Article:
Note to self, update my blog more often. These days my blog seems to have turned into an AppEasy update feed, well I want to change that and start blogging about other things (besides AppEasy).
Well, this blog post is not completely devoid of AppEasy news as the game editor will target AppEasy to begin with.
Today I want to blog about a new game editor that I have started work on (its a bit of a pet project because I’m getting fed up of writing game or app specific editors). The editor is tentatively called Groove Game Editor which will have the following features when finished:
- Completely customisable – You can define all of the types of objects that can be edited along with all of the properties for those objects using an input XML file
- Placement, scaling, rotation of game objects on a large virtual canvas
- General layout, tile and zone maps
- Automatic atlas generation
- Resource management
- Music and sound effects
- Actions, events and triggers
- Key frame animation editor
- Lua scripting
- Support for all XOML types out of the box
- Support for HTML5, Marmalade Quick, Cocos2d-x, Corona, Gideros and other game / app development SDK’s and systems
- Binary, xml and JSON export
Thus far I have implemented the customisation system which enables developers to create a single XML file that describes the following elements to the editor:
Enumerations – You can use these to define sets of possibilities, e.g.
Here’s an example that shows an enum for the Joint Type used by XOML joints:
<Enum Name="JointTypeEnum" Info="Physics joint type"> <Property Name="weld" /> <Property Name="distance" /> <Property Name="revolute" /> <Property Name="prismatic" /> <Property Name="pulley" /> <Property Name="wheel" /> </Enum>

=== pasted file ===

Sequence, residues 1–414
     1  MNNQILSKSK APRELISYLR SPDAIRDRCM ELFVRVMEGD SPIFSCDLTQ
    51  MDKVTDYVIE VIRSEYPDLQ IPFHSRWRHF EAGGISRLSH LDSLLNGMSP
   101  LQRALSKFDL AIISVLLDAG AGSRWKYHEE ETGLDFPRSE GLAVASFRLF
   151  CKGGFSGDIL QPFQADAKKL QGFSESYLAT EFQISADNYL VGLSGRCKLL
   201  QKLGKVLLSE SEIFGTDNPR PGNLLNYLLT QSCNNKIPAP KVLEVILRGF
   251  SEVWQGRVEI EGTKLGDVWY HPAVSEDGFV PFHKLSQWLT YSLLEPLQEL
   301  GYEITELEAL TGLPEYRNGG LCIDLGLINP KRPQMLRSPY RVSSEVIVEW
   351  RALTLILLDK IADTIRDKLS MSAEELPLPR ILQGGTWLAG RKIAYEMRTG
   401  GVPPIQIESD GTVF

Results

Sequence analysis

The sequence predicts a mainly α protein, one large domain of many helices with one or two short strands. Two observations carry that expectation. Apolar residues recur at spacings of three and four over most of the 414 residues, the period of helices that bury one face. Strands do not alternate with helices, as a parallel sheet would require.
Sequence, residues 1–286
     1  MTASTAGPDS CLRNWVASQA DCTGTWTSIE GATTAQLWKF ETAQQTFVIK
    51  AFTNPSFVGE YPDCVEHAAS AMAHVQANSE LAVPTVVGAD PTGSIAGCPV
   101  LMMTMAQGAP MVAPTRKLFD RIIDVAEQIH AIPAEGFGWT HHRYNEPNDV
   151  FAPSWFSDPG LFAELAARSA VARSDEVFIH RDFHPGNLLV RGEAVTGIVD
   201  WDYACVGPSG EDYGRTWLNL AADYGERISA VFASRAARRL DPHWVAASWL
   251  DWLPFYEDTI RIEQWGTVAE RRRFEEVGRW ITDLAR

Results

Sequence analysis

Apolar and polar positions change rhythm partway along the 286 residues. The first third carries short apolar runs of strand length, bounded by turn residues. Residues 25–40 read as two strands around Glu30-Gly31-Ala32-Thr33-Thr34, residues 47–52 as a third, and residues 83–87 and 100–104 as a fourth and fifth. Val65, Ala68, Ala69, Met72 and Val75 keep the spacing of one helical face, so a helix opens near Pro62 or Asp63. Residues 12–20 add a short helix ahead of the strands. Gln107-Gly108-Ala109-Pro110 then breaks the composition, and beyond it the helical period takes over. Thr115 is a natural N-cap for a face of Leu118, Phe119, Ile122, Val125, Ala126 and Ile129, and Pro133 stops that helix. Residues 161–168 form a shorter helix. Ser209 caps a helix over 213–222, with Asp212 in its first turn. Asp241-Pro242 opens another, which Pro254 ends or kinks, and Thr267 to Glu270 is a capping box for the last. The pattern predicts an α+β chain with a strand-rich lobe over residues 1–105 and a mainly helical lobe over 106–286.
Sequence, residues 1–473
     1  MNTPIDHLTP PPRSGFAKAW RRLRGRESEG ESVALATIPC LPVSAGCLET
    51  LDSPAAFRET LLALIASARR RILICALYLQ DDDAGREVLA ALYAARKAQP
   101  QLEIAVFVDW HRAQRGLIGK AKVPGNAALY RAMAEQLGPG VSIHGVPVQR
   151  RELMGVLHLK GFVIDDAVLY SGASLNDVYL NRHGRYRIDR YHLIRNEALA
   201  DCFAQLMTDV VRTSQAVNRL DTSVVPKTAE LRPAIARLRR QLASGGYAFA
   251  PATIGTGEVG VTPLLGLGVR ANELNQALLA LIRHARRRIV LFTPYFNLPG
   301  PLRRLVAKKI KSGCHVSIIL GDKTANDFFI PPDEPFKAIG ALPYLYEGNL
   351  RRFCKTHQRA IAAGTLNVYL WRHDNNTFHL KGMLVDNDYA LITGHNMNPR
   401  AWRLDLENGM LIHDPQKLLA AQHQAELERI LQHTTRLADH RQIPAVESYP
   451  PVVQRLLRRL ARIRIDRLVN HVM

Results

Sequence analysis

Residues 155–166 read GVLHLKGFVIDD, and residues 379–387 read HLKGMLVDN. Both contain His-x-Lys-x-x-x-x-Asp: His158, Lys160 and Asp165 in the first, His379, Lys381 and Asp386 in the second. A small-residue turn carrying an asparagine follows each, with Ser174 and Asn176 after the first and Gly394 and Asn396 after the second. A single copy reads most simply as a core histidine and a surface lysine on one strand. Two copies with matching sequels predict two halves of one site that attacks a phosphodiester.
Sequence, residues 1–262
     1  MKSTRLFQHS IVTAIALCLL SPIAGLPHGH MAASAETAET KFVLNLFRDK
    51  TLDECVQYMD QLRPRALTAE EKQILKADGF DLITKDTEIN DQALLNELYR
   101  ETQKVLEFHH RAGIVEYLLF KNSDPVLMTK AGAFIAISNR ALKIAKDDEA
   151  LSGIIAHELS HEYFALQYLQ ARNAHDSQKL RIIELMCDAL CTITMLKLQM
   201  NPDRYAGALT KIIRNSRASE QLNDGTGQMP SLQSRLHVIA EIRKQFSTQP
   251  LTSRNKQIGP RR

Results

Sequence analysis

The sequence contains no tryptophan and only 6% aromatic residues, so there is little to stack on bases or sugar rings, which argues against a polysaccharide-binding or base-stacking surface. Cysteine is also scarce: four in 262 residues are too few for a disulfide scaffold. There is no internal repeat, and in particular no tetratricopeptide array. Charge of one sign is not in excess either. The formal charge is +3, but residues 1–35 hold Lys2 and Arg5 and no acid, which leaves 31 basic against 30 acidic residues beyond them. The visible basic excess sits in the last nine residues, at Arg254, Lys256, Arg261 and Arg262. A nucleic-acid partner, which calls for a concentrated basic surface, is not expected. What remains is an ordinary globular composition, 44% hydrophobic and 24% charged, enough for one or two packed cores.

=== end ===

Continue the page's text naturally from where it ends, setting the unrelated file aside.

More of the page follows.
You can later use this as a type for object properties
Object Types – These represent specific types of objects that can be edited, for example Actors, Scenes, Images, Programs, Actions etc are each single types, e.g.*
Heres an example of a Box2D material:
<Type Name="Box2dMaterial" Base="Common" Info="Box2D material resource" Colour="#ffe4ff00"> <Property Name="Type" Type="Box2dMaterialTypeEnum" Category="General" Value="" Info="Type of material" /> <Property Name="Density" Type="double" Category="General" Value="1" Info="Material density" /> <Property Name="Friction" Type="double" Category="General" Value="1" Info="Materials coefficient of friction" /> <Property Name="Restitution" Type="double" Category="General" Value="0.1" Info="Materials coefficient of restitution / bounciness" /> <Property Name="IsBullet" Type="bool" Category="General" Value="" Info="Treat object as moving at high speed" /> <Property Name="FixedRotation" Type="bool" Category="General" Value="" Info="Prevent rotation of body" /> <Property Name="GravityScale" Type="double" Category="General" Value="1" Info="Amount to scale gravity" /> </Type>